A U.S. Middle East Policy Driven Only By Political and Personal Gain
Gilbert N. Kahn is a professor of Political Science at Kean University.
After the Trump Administration’s reaction to the attack on the Saudi oil fields last weekend, no one should assume that U.S. foreign policy in the Middle East is based on geopolitical or security considerations. It is abundantly clear that Washington is not concerned about the foreign policy implications or diplomatic niceties. Only economic concerns and political self-interests motivate President Trump with respect to America’s leading allies in the region; Israel and Saudi Arabia. While this has been the long-standing incentive for Donald Trump with respect to Israel, it is now crystal clear as well with respect to Saudi Arabia.
The Saudi oil operations were clearly attacked by Iran or its regional surrogates in an effort to cause economic disruption not only to the Saudis but to many of the global nations which are dependent on Saudi oil production. As the U.S. at this point obtains less than 5% of its oil needs from the Saudis, the disruption to the U.S. is inconsequential. What was important for the President, however, was to demonstrate to the Saudi leaders how concerned the U.S. was about this attack; or war as both he and Pompeo called it.
Iranian-Saudi tension has been on-going now for several years in the Gulf, having been further intensified since President Trump opted out of the JCPOA nuclear weapons understanding which the P5+1 had negotiated with Iran under President Obama. Since the August G-7 meetings in France, there had been growing speculation generated by Trump, concerning a possible meeting between President Trump and Iranian President Hassan Rouhani during the U.N. General Assembly meetings next week in New York. Both the Saudis and the Israelis, however, had indicated their displeasure with this anticipated meeting.
Since Trump left the JCPOA in late 2017, he has continued to ratchet up economic sanctions on Iran which have caused serious economic dislocation to the Iranian people and frustration in the Teheran Government. At the same time continued Iranian support for the Houthis rebels in Yemen has frustrated the Saudis. The growing threat imposed by the Houthis on the Saudis was dramatically escalated by the attack on the Saudi oil installations. Whether it was Iran who launched the drone attack or their clients, the Saudis had been sufficiently embarrassed that they compelled their American friends to rattle their own sabers against Iran. (President Trump once again talked tough and carried a paper stick. He dispatched Secretary of State Pompeo to the region to demonstrate U.S. solidarity with the Saudis; plus offering them—for cash payments–additional military “toys” with which they could flex their muscles.) Both the Saudis and the Israelis would like the Iranians roughed up, however, some sane voices in Washington appear to have made it clear to the President that any U.S. involvement or active participation in a retaliatory attack against Iran could very quickly escalate to a serious military confrontation.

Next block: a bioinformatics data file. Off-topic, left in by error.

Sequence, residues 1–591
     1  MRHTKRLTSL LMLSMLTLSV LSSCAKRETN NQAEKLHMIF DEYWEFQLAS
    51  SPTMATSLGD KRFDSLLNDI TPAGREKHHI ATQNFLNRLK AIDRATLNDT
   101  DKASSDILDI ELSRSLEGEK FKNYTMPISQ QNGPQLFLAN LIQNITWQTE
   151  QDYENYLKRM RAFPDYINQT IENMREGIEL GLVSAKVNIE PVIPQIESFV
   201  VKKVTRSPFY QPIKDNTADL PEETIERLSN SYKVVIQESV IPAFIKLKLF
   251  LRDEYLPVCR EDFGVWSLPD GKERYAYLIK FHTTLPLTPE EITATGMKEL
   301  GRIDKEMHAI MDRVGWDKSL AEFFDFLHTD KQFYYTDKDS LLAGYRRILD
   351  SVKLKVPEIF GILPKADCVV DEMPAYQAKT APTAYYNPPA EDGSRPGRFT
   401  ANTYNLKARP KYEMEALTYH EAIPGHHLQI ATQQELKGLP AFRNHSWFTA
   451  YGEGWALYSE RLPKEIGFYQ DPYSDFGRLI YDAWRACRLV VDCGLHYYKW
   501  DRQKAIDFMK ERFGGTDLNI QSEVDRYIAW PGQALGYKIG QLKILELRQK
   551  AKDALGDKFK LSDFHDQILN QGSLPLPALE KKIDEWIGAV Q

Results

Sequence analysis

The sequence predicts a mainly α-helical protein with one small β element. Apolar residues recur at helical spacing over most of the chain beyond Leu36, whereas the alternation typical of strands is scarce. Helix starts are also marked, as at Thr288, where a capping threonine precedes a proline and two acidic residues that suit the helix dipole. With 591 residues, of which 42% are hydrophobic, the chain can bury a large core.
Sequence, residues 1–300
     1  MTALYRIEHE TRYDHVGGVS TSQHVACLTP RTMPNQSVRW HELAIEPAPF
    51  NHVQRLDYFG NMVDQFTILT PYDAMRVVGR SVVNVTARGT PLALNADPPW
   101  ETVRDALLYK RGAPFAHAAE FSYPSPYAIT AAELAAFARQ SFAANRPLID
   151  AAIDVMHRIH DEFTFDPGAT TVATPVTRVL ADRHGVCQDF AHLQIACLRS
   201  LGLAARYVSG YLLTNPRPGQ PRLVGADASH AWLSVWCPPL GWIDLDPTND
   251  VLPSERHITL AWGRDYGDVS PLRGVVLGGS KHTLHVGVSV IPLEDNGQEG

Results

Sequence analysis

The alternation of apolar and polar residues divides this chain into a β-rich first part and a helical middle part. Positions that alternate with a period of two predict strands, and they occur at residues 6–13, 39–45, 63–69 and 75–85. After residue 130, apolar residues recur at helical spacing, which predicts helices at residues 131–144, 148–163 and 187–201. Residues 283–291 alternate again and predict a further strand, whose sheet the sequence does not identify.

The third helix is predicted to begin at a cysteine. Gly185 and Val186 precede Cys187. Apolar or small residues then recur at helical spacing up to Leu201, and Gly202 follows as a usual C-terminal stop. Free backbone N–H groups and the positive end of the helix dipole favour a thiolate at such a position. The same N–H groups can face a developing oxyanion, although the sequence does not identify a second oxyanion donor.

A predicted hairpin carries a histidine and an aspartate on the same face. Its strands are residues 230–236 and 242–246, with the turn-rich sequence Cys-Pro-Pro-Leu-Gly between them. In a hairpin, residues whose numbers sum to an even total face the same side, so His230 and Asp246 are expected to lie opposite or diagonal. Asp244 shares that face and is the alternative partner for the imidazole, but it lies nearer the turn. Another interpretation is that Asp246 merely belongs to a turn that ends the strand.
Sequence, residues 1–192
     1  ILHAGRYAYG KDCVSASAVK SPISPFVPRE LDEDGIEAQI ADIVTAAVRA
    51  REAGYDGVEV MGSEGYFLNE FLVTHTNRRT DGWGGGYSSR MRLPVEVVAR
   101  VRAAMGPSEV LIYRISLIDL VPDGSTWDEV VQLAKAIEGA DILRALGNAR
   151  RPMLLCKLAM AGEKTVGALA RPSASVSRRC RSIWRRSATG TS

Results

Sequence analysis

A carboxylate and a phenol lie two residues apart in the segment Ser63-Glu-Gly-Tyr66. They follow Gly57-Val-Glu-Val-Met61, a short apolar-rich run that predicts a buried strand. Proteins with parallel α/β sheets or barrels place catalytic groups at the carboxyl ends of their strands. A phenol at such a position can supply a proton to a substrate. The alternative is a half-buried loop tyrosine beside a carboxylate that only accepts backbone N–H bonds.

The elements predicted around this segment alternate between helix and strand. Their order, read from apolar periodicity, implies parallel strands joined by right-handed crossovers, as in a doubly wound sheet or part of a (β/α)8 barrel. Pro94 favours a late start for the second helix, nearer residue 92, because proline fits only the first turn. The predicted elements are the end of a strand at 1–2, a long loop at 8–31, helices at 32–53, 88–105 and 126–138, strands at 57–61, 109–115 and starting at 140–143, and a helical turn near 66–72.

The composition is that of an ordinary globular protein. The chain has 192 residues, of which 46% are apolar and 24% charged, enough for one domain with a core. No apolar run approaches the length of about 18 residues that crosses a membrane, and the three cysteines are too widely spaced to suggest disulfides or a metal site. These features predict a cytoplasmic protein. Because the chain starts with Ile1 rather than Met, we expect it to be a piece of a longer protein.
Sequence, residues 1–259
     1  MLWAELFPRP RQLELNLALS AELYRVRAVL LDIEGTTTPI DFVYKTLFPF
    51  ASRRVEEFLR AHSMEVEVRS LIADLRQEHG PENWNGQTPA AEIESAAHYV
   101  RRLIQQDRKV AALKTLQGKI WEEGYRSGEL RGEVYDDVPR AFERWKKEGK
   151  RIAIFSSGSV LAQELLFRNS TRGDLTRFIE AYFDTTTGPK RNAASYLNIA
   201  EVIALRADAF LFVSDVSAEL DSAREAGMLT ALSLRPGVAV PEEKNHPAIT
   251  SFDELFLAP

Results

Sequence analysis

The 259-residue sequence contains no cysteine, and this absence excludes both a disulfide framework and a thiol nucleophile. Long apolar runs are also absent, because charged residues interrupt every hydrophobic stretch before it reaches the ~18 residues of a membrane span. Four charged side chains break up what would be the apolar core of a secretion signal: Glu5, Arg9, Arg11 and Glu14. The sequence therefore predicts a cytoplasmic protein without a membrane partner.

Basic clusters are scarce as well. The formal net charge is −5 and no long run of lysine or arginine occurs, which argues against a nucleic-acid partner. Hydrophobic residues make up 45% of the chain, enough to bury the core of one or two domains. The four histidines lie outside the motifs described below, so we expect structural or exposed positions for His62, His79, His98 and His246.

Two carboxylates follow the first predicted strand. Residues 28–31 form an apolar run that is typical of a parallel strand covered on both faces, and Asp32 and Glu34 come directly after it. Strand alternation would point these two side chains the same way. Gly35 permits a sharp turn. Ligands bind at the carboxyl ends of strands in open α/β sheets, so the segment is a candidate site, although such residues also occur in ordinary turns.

For the Trump Administration, keeping the Israelis happy is beneficial to the President’s political supporters in the evangelical community as well as among the right-wing among American Jews. Israel also provides the U.S. with a potential surrogate of its own in the region and gives Israel a temporary ally within the Saudi regime. The problem with this arrangement is that Israel is being baited by both the Saudis and Washington with no clear understanding of any comprehensive strategic strategy on the part of the Trump Administration. The Saudis want the Iranians out of Yemen but are not capable of removing them on their own. Washington does not want a military confrontation but wants to keep the Crown Prince happy so he will continue to distribute his largess to the Trump hotel empire. All of these considerations do not suggest a ready solution to the regional tension.